So is the enterprise comfortable learning and applying the techniques it requires to monitor serverless applications? And a follow-up question: are the teams that currently run operations and engineering capable of leaning in closer together to solve new problems and challenges?

3. What skills are in house currently?

People matter when an enterprise decides to embrace serverless. Whether that enterprise is ready depends largely on the people and team that are blazing the path.

This isn’t to say that the enterprise requires at least three serverless developers who are fluent in infrastructure as code and have shipped to production before. But it does require a general spark of curiosity and a willingness to lean into new techniques and paradigms.

If the enterprise is serious about empowering teams to ship early, adjust often, and embrace change in both requirements and scale, then its people must be willing to understand how. As mentioned, serverless will compress job responsibilities and create tighter teams. These people units will learn and grow faster together when corporate direction lines up with technical curiosity.

Conclusion

It’s crucial to recognize that this transformation is not just about adopting a new technology—it’s about embracing a mindset shift. Businesses have to ask themselves tough questions about their readiness to adapt, innovate, and deliver value at the pace serverless enables. Does the culture truly embody agility—beyond mere lip service? Is there a passion for observability and a willingness to find the right tools to make it possible? And do your teams have the right mix of curiosity and skills to embrace the new paradigm?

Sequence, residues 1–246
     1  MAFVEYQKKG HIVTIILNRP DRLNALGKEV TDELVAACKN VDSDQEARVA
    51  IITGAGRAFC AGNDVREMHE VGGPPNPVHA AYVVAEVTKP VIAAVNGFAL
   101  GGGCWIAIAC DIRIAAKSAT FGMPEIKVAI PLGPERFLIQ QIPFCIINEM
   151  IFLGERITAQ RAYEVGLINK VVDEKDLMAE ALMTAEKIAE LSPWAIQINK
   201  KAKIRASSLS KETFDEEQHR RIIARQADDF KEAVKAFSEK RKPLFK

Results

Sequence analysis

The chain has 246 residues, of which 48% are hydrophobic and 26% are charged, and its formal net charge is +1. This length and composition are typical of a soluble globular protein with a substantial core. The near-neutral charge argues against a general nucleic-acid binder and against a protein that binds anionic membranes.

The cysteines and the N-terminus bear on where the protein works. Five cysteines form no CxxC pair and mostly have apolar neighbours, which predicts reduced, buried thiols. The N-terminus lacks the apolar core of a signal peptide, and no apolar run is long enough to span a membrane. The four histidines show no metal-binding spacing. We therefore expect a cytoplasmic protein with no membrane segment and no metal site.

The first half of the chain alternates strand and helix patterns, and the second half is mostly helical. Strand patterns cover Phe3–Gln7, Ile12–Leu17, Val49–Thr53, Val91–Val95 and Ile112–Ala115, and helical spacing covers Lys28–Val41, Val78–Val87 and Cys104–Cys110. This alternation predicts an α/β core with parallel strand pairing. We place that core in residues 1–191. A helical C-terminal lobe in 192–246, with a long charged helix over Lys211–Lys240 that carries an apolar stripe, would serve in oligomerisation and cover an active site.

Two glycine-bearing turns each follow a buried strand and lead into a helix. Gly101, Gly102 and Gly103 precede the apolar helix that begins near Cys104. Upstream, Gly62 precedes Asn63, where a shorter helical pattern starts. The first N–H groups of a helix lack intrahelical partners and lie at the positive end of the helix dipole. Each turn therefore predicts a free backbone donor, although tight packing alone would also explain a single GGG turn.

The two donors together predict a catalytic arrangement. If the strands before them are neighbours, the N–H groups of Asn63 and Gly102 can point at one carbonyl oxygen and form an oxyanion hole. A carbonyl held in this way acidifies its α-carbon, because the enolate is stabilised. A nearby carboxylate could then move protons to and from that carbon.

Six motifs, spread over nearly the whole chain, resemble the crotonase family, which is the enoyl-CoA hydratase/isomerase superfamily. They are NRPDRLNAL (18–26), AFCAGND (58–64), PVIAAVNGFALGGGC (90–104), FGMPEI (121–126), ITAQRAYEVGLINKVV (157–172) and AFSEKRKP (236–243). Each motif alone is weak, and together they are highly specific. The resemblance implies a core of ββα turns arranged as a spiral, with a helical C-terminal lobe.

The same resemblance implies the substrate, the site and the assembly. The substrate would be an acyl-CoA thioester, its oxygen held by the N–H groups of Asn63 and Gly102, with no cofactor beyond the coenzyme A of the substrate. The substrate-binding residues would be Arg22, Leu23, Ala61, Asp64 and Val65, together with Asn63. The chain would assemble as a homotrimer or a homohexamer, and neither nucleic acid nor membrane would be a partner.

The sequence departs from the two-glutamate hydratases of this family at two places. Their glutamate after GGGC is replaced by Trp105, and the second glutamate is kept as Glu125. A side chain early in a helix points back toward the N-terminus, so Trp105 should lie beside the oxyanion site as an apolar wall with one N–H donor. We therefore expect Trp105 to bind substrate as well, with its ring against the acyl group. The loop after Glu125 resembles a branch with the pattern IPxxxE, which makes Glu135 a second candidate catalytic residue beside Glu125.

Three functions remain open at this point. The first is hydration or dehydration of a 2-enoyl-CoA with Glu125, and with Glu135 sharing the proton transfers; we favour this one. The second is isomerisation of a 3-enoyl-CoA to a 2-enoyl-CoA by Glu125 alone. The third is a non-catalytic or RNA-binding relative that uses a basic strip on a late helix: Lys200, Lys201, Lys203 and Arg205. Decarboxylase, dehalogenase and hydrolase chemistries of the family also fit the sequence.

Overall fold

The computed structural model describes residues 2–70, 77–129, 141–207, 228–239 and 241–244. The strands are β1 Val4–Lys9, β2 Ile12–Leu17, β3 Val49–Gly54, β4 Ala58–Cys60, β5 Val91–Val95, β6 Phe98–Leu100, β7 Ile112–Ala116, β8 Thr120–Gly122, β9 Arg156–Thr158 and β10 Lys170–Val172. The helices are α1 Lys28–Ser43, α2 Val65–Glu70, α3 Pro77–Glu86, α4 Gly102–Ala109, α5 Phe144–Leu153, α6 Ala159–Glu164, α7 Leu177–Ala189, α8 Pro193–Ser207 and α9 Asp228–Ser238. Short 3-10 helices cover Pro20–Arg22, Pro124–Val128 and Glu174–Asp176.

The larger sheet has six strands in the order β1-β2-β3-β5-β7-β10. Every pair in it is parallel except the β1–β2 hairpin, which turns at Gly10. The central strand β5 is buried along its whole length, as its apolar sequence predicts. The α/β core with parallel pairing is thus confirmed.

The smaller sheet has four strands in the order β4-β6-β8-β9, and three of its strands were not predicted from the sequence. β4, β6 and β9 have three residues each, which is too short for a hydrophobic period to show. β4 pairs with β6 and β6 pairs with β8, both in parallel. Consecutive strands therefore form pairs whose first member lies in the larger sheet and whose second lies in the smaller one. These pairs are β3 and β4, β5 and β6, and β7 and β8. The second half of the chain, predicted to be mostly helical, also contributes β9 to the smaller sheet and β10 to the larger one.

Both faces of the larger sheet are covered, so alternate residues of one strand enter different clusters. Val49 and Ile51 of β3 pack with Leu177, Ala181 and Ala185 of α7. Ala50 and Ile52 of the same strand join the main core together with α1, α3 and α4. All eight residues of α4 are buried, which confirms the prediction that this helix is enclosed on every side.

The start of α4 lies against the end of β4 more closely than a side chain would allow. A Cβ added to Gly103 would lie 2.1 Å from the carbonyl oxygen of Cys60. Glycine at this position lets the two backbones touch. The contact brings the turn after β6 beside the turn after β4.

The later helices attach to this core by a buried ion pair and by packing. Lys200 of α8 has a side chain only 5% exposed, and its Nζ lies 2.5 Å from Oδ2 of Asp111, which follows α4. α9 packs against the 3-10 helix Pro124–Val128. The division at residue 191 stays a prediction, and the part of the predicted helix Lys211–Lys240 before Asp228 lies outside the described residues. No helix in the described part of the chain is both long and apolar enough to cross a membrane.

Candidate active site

True agility is within reach for any business, thanks to serverless. Is your enterprise ready for it?

Want to know more about what it takes to be successful with serverless—including where to start and tips from experts? Download our enterprise serverless guide.

Benjamen Pyle
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Benjamen Pyle
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Benjamen Pyle
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Benjamen Pyle
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Author
Benjamen Pyle

Benjamen Pyle is a technology executive and software developer with over 20 years of experience across startups and large enterprises. He is Co-Founder and CEO of Pyle Cloud Technologies, an AWS-focused cloud consultancy specializing in cloud strategy, architecture, training, and cost optimization. He’s also an AWS Community Builder recognized for his deep expertise in serverless computing, event-driven architecture, and cloud-native and containerized solutions. When Benjamen doesn’t have his head in the clouds, he’s either playing golf with his wife and two boys or outside with their 12 paws.